Alameda County Races the Clock to Help Ex-Cons Benefit From Prop. 47

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Alameda County Public Defender's Office Intern Jill Jenkins works on finding ex-cons eligible for Prop. 47 relief.  (Sara Hossaini/KQED)

A new state law gives people with certain low-level felonies three years to reduce their convictions to misdemeanors.

More than 3,000 people behind bars were the first to benefit from Proposition 47. Now counties like Alameda are racing the clock to track down ex-offenders, in the hopes of giving them a chance to change their records.

If there's one person passionate about tracking down eligible felons, it's Jill Jenkins. She's working as an intern at the Alameda County Public Defender's Office -- something she says she never could have envisioned in her darker, drug-addicted moments.

Back then, she was a newly single young mom, who was hooked on crack.

"I didn't have any support, no therapist, no friends that I could really talk to to help me go through the fact that I was being abandoned with these children," says Jenkins. "So I resorted to what was comfortable."

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As Jenkins' habit grew, so did her criminal record -- mostly with petty crimes. Her last offense was stealing a sandwich. With priors, it was considered a felony.

"When I was in my addiction, I thought I was going to die in my addiction," Jenkins says. "I really didn't even care if I lived or died."

Given the choice, she opted for a year of rehabilitation instead of jail time. Finally clean, her minister encouraged her to campaign for Prop. 47. When it passed, she was one of the first people on probation to get her conviction bumped down to a misdemeanor, and then wiped clean.

Jenkins is now a woman on a mission. From her cubicle in a mid-floor high-rise, she gets a call from the father of an ex-felon she's been trying to reach.

"It is very important," Jenkins assures him. "Your son is on active probation."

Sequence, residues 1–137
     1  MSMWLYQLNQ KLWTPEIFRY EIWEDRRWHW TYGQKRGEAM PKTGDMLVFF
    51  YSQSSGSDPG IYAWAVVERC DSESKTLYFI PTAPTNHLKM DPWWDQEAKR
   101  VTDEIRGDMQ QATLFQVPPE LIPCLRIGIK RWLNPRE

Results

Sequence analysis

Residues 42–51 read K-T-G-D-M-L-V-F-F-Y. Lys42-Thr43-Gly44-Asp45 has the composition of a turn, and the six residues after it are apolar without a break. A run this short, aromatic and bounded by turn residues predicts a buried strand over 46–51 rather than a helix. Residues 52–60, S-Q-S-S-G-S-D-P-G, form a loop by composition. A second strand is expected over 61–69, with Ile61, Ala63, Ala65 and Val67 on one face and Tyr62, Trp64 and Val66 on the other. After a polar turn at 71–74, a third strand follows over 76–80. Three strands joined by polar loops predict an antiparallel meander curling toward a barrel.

She wants to help others on probation for low-level felonies like crack possession or petty theft get to a judge before the law’s three-year window runs out.

"I've even found myself at the gas station pumps [asking], 'Do you know any felons?' " Jenkins says with a laugh.

Connecting with Alameda County's 5,000 or so Prop. 47-eligible probationers, many of whom are transient, isn’t easy. Even when she does make contact, getting them to listen can be a challenge.

Probation is typically five years of fragile freedom, where one wrong move could land you back behind bars. Jenkins says she tries to explain how getting a new sentence that reduces your felony to a misdemeanor can improve your chances of settling into your community and finding a job.

"So that's why I was trying to explain," says Jenkins. "A lot of people don’t know."

As she points to the spreadsheet on her computer, it’s clear her years in the system are a big advantage.

"Of the 5,000, I'd say I know 10 percent of the people. And I'm like, 'Hey, I know that person, I know that person,' " says Jenkins.

Senior Assistant Public Defender Jody Nunez says their effort to reach former offenders has been slow going -- only 150 people so far. But she hopes new outreach sessions at the probation office will help them reach more.

"They've got that felony conviction, and it just makes it difficult for them," says Nunez. "They also don't often have the level of education."

The pool of jobs that ex-cons are qualified for is already very limited.

"Many employers do the background checks and see the felony," says Nunez. "They’ve got other applicants, and they just won't even consider you."

Changing Times Have Made It Difficult for Ex-Cons
Does the "time for your crime" ever end in the modern era?

East Bay Community Law Center Executive Director Tirien Steinbach says the new law, which passed in November, helps bridge a disconnect between old values and modern technology.

"Laws have actually been on the books to help people move on with their lives and re-enter the community since the '30s," says Steinbach. "The idea is people got in trouble with the law and they did their time, we forgave them. That’s our culture."

But Steinbach says new technology eroded the ability to do the time for your crime and rejoin society unmarked.

"So the law said, 'We will forgive you for what you’ve done.' The new reality was that we will do commercial background checks, the government will do background checks, once a con always a con, and that’s it," Steinbach says.

She says Prop. 47 is a big deal because it not only moves the state away from hefty sentences for minor crimes, but it also offers hope that the public may be ready to revisit other barriers facing ex-cons — such as bars on professional licenses.

Jenkins says she’s just eager to see other ex-cons get a second chance, too.

"Now that my felony's been eliminated, I guess it's like having freedom papers," Jenkins says.

The public defender’s office and other Prop. 47 advocates say the next challenge will be locating people who have already completed their probation and jail time, often decades ago.